The History of Cybersecurity 2019 Calendar

As security practitioners and history buffs, we’re intrigued by the history of cybersecurity. So much so, we built a calendar around it this year. Each month of the History of Cybersecurity 2019 Calendar features a significant date in cybersecurity history, along with a related trivia question and other notable dates in that month.

Speaking of trivia, test your own knowledge of cybersecurity history. See if you can answer the questions below—then learn more about these historical cybersecurity events on our blog.

If you think we missed an important date in the calendar (or got something wrong – we hope not!), let us know. Share your feedback with us on Twitter! And if the calendar has you inspired to get on OUR calendar, request a demo. We’ll show you how Exabeam’s SIEM can help your organization identify many of the threats featured in the calendar.

May 2019 Trivia

Q: What algorithm did the Advanced Encryption Standard (AES) replace?
Show Answer
A. AES replaced the Data Encryption Standard (DES), a cipher developed by IBM in 1973. Triple DES - encryption with DES three times - was used for some time, but that, too, was considered inadequate and in need of replacement by 1997. Learn More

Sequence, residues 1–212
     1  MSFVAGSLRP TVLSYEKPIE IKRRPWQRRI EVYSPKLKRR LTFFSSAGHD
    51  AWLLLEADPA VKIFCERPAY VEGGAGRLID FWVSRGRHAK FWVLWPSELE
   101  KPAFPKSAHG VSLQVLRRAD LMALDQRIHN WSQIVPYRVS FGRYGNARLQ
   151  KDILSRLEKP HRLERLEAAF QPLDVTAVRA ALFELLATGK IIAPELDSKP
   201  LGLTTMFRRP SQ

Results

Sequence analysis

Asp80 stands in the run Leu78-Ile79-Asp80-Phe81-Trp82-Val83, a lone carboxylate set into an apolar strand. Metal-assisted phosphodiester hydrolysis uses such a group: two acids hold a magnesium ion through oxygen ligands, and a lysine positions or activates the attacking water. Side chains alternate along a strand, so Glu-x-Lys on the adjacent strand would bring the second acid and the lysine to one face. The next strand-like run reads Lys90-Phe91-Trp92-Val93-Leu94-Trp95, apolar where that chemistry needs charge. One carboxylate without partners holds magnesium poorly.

April 2019 Trivia

Q: What is the name of the encryption algorithm intended to be used on the Clipper chip?
Show Answer
A. Skipjack Learn More

March 2019 Trivia

Q: Who wrote Creeper and why?
Show Answer
A. Bob Thomas, a developer at BBN Technologies, is the author of Creeper. His goal was not to infect machines, but to demonstrate that an application could move from one machine to another. A distributed computing experiment that opened a Pandora’s box. Learn More

February 2019 Trivia

Q: Who is considered the “father of SSL”?
Show Answer
A. Taher Elgamal, cryptographer and chief scientist at Netscape Communications, is considered to be the driving force behind the protocol, although other Netscape engineers were also involved. Learn More

January 2019 Trivia

Q: What is the name of the group responsible for Operation Aurora?
Show Answer
A. The Elderwood Gang -- aka the Elderwood Group -- a Chinese cyber espionage group suspected to have ties to the People’s Liberation Army. Learn More